Expectant parents in their third trimester are being encouraged to count their baby’s kicks. It could help save their baby’s life.
The Arizona Department of Health Services has partnered with the national organization Count the Kicks to reduce stillbirths across Arizona. Research shows that teaching pregnant women how to monitor fetal movement during the third trimester of pregnancy resulted in a 30% reduction in stillbirth.
“The health of the mom and health of her baby are intrinsically connected,” said Jodi Long, an advisory board member, in a Count the Kicks video. “When one is struggling, there’s a growing chance the other will struggle, too.”
According to the Centers for Disease Control and Prevention, Arizona loses approximately 485 babies to stillbirth each year. Stillbirth, defined as the loss of a pregnancy between 20 and 42 weeks gestation, affects 1 in every 169 pregnancies nationally and is 10 times more common than Sudden Infant Death Syndrome.
Expectant parents can download the free Count the Kicks app to easily record their baby’s movements and notify their health care provider if something changes.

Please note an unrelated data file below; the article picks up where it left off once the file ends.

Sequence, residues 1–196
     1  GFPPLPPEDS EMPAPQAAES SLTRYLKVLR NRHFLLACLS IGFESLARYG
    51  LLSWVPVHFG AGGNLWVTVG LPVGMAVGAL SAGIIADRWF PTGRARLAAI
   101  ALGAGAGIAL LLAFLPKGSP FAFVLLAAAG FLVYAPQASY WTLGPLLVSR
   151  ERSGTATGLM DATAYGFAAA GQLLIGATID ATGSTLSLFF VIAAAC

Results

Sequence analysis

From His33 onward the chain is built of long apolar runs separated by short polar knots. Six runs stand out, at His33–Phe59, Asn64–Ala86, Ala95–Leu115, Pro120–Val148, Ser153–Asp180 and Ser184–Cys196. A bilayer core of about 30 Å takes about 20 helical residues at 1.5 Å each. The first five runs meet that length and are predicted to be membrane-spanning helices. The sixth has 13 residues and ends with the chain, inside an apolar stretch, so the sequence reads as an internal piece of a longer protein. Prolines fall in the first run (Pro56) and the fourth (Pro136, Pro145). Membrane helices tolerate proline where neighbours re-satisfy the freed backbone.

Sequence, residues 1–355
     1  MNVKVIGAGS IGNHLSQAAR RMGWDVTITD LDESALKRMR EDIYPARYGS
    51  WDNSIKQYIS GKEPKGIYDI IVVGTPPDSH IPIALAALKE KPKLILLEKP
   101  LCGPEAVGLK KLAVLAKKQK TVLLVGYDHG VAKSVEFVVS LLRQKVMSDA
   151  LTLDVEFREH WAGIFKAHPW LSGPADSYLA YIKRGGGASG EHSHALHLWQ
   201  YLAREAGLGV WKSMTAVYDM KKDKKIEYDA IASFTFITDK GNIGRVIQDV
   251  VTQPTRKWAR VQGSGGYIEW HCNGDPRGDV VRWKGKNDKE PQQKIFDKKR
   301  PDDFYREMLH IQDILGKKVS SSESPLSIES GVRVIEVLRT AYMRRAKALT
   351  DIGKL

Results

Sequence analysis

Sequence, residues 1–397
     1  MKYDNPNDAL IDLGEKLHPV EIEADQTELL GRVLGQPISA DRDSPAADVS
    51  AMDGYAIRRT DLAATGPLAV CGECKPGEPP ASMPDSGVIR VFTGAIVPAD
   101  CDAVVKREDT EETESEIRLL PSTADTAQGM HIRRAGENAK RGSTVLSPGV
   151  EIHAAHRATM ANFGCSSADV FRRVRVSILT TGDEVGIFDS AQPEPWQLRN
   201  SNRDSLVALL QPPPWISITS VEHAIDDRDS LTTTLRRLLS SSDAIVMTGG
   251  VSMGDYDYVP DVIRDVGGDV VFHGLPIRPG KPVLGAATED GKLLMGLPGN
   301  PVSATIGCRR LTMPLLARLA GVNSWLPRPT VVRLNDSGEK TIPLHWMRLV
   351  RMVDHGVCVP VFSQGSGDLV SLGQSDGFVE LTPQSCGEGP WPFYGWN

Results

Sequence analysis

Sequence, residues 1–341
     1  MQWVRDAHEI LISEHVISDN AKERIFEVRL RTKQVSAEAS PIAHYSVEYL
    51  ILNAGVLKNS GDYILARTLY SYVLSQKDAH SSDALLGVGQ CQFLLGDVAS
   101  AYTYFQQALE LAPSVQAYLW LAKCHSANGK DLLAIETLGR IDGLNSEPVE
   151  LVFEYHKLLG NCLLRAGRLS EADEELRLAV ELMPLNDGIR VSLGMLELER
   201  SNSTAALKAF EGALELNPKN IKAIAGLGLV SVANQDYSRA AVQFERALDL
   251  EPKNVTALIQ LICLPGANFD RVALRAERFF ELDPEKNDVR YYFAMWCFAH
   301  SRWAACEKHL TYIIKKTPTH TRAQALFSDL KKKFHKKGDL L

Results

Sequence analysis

Starting at 28 weeks, expectant parents can track their baby’s movement on the app.
Expectant parents are asked to do this daily and to pick a time when the baby is active. The instructions are simple: Sit with your feet up and count each movement as one kick, until they reach 10. The app will show you how long it takes to reach 10. Parents are asked to rate the strength of the baby’s movement from 1 to 5, with one being a flutter to 5 being fierce.
By using the app daily, expectant parents will get to know what’s normal for their baby.
If they notice a change in the strength or how long it takes to get to 10, they should contact their healthcare provider.
“There are warning signs, red flags if you will. Ways for expectant parents and doctors to have an early heads up that something might be going wrong in a pregnancy,” Long said. “Babies in the third trimester are just like us. When we’re sick and not feeling well, and want to lie in bed or on the couch, it’s the same thing for babies. If they’re not doing well, their movements will change or become weaker. This is that early red flag and a reason to call the doctor right away.”
Count the Kicks features personal stories from mothers across the country, where speaking up about a change in their baby’s movement helped their baby have a safe arrival and also address pregnancy complications that put their own lives at risk.
“Increased education and awareness around fetal movement monitoring may help to improve birth outcomes, not just for babies, but for moms, too,” Long said.